Some Arty soldiers are about to get their sea legs.

Soldiers will fire Army artillery and rockets from the decks of Navy ships this summer in the largest maritime exercise in the world.

For the first time last year, Marines successfully fired High Mobility Rocket Systems from the deck of the amphibious assault ship Essex. That success was a first salvo in work to integrate fires between the two forces and find ways to use their equipment in the near-shore fight.

At that time, the Marines also asked industry to submit proposals for a mobile coastal missile defense system so that once they get ashore then can fire back to the sea.

The High Mobility Artillery Rocket System (HIMARS) is fired from the flight deck of San Antonio-class amphibious transport dock ship USS Anchorage (LPD 23) on Oct. 22, 2017, during Dawn Blitz 2017. (MC2 Matthew Dickinson)
The High Mobility Artillery Rocket System (HIMARS) is fired from the flight deck of San Antonio-class amphibious transport dock ship USS Anchorage (LPD 23) on Oct. 22, 2017, during Dawn Blitz 2017. (MC2 Matthew Dickinson)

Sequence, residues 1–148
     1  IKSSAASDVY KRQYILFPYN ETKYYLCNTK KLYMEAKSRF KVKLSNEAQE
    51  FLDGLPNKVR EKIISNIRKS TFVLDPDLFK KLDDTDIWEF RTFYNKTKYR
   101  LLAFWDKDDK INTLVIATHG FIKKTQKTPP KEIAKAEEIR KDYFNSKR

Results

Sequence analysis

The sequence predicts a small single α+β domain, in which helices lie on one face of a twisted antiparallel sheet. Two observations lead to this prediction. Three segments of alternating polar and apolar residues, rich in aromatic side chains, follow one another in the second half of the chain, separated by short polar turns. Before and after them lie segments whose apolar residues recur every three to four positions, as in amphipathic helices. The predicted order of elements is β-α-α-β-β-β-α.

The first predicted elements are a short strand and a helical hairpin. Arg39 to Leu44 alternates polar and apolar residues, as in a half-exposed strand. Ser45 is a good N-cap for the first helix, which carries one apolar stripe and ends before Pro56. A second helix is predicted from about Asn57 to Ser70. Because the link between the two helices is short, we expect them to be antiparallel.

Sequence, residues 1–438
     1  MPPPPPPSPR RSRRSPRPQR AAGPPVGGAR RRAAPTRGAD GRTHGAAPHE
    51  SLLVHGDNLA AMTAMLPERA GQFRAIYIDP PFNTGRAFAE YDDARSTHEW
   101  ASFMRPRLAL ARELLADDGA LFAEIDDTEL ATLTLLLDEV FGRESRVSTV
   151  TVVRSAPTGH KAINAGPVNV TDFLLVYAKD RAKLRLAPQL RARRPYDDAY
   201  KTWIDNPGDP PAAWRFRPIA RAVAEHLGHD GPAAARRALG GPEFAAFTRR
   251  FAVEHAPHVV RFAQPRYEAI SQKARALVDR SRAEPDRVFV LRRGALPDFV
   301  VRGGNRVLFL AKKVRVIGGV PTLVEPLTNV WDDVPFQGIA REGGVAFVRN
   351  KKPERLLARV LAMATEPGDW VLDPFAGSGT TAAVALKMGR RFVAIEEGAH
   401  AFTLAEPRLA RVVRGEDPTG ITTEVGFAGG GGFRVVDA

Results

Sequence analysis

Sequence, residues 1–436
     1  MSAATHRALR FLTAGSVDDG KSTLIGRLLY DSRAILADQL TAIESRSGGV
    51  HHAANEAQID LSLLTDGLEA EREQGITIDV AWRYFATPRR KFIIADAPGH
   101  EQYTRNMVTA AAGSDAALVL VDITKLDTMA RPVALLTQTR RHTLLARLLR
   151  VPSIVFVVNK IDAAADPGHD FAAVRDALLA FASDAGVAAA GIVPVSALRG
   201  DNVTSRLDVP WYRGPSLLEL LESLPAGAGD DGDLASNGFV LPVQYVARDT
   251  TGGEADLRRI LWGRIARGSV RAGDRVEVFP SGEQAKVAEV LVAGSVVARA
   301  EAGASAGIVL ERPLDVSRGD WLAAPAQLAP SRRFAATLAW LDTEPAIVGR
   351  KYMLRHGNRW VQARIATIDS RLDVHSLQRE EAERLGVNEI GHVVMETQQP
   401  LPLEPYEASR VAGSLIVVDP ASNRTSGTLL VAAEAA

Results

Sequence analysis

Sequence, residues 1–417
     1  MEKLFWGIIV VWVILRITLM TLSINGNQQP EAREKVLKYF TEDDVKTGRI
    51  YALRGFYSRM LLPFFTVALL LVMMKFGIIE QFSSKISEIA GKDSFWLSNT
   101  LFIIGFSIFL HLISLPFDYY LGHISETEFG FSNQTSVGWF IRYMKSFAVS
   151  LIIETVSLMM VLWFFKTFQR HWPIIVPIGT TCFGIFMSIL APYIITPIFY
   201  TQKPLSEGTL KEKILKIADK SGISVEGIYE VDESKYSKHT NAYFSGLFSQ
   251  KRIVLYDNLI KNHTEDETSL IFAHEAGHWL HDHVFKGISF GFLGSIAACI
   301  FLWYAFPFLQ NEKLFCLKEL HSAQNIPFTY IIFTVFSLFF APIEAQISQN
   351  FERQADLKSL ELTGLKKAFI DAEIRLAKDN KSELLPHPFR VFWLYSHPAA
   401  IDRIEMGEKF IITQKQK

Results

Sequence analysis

But the Army’s partnering with the Navy, especially with artillery pieces, is a new effort altogether, though not without warning.

The cross-domain fires portion, or bringing various fires from long-range missiles down to close-range mortars from all the assets, regardless of service branch, has been a part of the Army’s multidomain battle concept for at least the past year.

But news specific to the artillery portion and soldiers on ship decks was recently reported from an interview by Warrior Maven with Maj. Gen. John Ferrari, director, Program Analysis and Evaluation, G-8.

“The Army is looking at shooting artillery off of Navy ships. Innovation is taking existing things and modifying them to do something new,” Ferrari said.

And that’s going to happen at the bi-annual Rim of the Pacific exercise, scheduled for late June.

The multidomain concept seeks all services to work jointly in ultra fast-paced battles of future conflict. To strike enemies quickly and respond before their own systems are targeted they must bring all the guns to the fight.

Artillery and short-range rockets supplement the longer-range fires of naval missiles currently aboard ships, covering potential gaps closer to the coast.

The cross-domain fire teams are in experiment mode now, bringing units from elements of ground combat, cyber, air defense and artillery to maneuver together rather than large formations of a single firepower such as three artillery battalions, Ferrari said.